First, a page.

Johann Adam Peter

Male9 July 1801–2 November 1875

Brief Life History of Johann Adam

When Johann Adam Peter was born on 9 July 1801, in Allertshofen, Dieburg, Grand Duchy of Hesse, his father, Johann Albert Peter, was 29 and his mother, Anna Catharina Dascher, was 23. He married Anna Elisabeth Jost on 13 January 1828, in Neunkirchen, Dieburg, Hesse, Germany. They were the parents of at least 4 sons and 1 daughter. He lived in Neunkirchen, Dieburg, Hesse, Germany in 1801. He died on 2 November 1875, in Brandau, Dieburg, Hesse, Germany, at the age of 74.

Photos and Memories (0)

Photos and Memories

Do you know Johann Adam? Do you have a story about him that you would like to share? Sign In or Create a FREE Account

Family Time Line

Johann Adam Peter
1801–1875
Anna Elisabeth Jost
1804–1875
Marriage: 13 January 1828
Johann Adam Peter
1828–1829
Jacob Peter
1829–1876
Johann Georg Peter
1831–1894
Johann Philipp Peter
1833–1907
Katharina Margaretha Peter
1838–

Sources (16)

  • Johann Adam Peter, "Germany Marriages, 1558-1929"
  • Adam Peter im Eintrag für Johann Philipp Peter, „Deutschland, ausgewählte evangelische Kirchenbücher 1500-1971“
  • Adam Peter im Eintrag für Johann Philipp Peter, „Deutschland, ausgewählte evangelische Kirchenbücher 1500-1971“

Spouse and Children

  • Marriage
    13 January 1828Neunkirchen, Dieburg, Hesse, Germany
  • Children (5)

    Parents and Siblings

    Siblings (5)

    World Events (4)

    1813 · Germans defeat Napolean in Leipzig

    Age 12

    On Oct 19, 1813, Germany defeats Napolean. The commanding officer for the Allied side was Prince Karl Phillipp Schwarzenberg.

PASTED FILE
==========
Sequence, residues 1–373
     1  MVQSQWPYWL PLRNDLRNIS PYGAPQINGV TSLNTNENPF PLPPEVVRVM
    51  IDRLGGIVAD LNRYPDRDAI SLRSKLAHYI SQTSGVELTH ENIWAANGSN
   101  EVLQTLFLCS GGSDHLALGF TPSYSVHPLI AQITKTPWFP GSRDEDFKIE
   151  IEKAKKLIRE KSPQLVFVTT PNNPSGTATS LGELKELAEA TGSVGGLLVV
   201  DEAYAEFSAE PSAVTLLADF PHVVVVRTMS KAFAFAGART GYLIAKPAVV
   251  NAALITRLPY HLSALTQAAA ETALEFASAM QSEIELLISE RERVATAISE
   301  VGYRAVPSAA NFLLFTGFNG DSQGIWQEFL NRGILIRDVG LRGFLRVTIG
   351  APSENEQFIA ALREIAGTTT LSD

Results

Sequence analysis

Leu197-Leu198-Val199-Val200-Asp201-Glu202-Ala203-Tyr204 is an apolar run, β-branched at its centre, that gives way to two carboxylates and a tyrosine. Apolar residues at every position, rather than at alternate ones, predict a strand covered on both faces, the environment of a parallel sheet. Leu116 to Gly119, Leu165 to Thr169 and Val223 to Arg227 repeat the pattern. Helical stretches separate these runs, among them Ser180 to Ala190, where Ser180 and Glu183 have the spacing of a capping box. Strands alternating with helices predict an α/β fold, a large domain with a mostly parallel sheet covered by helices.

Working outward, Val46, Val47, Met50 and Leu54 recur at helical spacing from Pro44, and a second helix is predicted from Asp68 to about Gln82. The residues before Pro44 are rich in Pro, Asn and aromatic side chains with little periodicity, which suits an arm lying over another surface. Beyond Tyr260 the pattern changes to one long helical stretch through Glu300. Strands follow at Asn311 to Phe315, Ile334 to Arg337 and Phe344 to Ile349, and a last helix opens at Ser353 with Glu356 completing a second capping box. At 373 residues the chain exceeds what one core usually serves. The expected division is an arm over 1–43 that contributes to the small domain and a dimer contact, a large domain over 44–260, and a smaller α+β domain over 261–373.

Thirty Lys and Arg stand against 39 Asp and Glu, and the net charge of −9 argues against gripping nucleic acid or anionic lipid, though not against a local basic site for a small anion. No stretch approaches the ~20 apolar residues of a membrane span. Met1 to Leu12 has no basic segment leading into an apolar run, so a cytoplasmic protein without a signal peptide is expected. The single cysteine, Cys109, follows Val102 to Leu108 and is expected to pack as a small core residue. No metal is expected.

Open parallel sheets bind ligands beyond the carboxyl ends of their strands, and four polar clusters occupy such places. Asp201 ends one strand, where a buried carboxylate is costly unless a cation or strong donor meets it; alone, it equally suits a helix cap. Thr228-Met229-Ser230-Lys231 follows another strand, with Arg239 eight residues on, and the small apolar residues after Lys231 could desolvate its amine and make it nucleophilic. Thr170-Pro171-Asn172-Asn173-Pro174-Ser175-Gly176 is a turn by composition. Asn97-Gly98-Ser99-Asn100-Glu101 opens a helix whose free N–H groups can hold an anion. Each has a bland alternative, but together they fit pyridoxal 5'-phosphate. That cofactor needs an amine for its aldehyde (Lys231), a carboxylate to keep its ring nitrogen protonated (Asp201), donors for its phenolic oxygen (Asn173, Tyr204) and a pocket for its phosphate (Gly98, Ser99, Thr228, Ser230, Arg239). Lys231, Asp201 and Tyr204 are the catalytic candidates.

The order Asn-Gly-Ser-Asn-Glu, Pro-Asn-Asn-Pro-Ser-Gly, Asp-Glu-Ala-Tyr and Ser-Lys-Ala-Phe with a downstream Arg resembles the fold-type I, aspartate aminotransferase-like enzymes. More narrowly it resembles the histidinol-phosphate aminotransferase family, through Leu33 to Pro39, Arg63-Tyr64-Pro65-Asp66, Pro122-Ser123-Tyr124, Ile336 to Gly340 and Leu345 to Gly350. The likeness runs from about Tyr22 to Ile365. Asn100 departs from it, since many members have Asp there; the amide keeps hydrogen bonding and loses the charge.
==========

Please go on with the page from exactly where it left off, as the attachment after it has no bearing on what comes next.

1814

    Age 13

    The Congress of Vienna established the German Confederation of 39 independent German states.

    1852 · The Book of Mormon Published in German

    Age 51

    On May 25, 1852, the Book of Mormon is published in German.

    Name Meaning

    Some characteristic forenames: German Hans, Kurt, Otto, Ernst, Fritz, Heinz, Helmut, Horst, Kaspar, Klaus, Siegfried, Wolfgang.

    English, Scottish, German, Dutch, French (Alsace and Lorraine), Czech (Moravian), Slovak, Croatian, and Slovenian; Hungarian (Péter): from the personal name Peter (Greek Petros, from petra ‘rock’). The personal name was popular throughout Christian Europe in the Middle Ages, having been bestowed by Christ as a byname on the apostle Simon bar Jonah, the brother of Andrew. The name was chosen by Christ for its symbolic significance (John 1:42, Matt. 16:18); Saint Peter is regarded as the founding head of the Christian Church in view of Christ's saying, ‘Thou art Peter and upon this rock I will build my Church’. In Christian Germany in the early Middle Ages this was the most frequent personal name of non-ancient Germanic origin until the 14th century. In North America, this surname has also absorbed cognates from other languages, for example Czech Petr , Polish Piotr and Pietr, Albanian Pjetri (from the personal name Pjetër, definite form Pjetri), and also their derivatives (see examples at Peterson ). It has also been adopted as a surname by Ashkenazic Jews.

    Dictionary of American Family Names © Patrick Hanks 2003, 2006.

    Possible Related Names

    Discover Even More

    As a nonprofit, we offer free help to those looking to learn the details of their family story.

    Create a free account to view more about your family.
    Create a FREE Account
    Search for Another Deceased Ancestor
    Share this with your family and friends.